The Behavior of Organisms: An Experimental Analysis
With the publication of his first book, The Behavior of Organisms (1938), B. F. Skinner launched a new science based on selection by consequences as the mechanism through which behavior changes during the lifetime of the individual. The book summarizes nearly ten years of research, spanning the years of Skinner's graduate school days at Harvard through his three years as a member of the Society of Fellows. In the book, Skinner defines his basic unit of behavior, which he named the operant, proposes rate as the basic datum, and describes his research program–to identify the variables of which behavior is a function.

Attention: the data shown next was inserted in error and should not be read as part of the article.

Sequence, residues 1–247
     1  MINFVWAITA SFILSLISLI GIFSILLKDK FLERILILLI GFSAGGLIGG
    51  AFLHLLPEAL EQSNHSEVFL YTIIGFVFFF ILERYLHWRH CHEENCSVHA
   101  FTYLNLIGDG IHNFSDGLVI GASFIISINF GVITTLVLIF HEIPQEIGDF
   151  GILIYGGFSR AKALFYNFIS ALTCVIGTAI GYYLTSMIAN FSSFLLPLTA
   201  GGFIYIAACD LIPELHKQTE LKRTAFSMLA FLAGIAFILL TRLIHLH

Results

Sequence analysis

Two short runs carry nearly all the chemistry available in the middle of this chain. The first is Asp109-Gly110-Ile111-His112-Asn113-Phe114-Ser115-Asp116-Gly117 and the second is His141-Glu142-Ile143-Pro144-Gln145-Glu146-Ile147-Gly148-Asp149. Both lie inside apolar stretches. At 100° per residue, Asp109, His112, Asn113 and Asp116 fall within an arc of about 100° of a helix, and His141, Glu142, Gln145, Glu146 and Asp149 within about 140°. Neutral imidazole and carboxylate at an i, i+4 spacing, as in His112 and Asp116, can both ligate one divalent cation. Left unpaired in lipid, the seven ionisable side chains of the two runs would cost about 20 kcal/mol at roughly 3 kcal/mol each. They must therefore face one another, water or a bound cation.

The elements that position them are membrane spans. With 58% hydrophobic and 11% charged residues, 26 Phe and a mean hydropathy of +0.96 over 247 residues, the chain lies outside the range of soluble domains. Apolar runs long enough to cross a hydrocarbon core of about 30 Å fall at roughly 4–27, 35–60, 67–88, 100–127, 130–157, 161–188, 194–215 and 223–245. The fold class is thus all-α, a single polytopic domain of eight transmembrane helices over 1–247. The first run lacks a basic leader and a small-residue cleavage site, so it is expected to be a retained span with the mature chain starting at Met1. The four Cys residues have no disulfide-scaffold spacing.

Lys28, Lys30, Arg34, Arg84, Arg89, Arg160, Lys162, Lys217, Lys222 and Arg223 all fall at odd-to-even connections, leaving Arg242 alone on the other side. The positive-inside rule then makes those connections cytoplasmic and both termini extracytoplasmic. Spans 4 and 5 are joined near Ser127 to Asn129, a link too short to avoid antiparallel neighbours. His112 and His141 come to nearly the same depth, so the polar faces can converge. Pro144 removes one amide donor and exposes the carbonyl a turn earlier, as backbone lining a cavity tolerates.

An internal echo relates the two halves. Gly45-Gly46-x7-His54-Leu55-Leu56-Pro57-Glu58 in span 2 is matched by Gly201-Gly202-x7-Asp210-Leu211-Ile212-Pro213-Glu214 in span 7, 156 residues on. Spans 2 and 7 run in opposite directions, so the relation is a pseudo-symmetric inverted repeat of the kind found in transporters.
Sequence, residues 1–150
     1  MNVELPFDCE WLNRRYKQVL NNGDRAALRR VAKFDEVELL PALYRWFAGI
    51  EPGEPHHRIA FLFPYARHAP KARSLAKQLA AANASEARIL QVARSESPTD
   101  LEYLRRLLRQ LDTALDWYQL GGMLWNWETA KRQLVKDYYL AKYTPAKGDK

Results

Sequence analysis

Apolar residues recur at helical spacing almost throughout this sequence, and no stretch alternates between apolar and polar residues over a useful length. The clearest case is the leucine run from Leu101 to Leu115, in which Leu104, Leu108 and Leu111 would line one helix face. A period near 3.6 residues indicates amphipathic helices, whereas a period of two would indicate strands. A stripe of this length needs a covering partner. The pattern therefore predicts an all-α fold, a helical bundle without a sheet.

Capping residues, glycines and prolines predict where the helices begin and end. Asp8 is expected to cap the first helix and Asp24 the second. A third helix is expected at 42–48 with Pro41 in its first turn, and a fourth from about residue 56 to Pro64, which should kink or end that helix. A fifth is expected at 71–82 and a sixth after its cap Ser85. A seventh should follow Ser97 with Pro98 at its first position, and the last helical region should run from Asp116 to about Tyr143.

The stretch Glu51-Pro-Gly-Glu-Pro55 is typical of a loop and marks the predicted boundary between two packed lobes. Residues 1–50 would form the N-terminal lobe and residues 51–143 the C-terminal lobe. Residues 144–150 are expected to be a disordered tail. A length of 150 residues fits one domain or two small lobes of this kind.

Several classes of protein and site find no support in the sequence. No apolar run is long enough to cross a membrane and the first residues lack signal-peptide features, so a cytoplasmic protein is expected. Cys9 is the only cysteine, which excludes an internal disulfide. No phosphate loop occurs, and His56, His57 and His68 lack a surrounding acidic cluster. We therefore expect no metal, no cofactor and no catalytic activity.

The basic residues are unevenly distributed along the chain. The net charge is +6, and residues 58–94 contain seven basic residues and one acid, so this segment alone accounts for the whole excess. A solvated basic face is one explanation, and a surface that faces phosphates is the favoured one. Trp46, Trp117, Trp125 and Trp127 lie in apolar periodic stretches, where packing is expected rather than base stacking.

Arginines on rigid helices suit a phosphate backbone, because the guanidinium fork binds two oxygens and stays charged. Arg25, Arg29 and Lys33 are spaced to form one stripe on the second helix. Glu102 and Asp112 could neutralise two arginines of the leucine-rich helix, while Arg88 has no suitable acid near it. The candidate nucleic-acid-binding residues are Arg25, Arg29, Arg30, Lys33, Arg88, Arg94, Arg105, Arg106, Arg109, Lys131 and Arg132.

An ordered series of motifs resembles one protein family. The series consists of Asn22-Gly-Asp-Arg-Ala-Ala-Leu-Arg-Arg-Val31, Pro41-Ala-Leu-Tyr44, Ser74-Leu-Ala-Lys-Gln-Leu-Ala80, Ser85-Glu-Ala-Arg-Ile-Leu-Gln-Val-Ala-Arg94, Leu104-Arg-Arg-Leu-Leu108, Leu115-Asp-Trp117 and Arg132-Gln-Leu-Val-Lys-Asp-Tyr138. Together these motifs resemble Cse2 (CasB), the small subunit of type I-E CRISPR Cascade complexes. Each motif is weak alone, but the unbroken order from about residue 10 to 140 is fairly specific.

SCOPE AND METHOD
CONDITIONING AND EXTINCTION
THE DISCRIMINATION OF A STIMULUS
SOME FUNCTIONS OF STIMULI
TEMPORAL DISCRIMINATION OF THE STIMULUS
THE DIFFERENTIATION OF A RESPONSE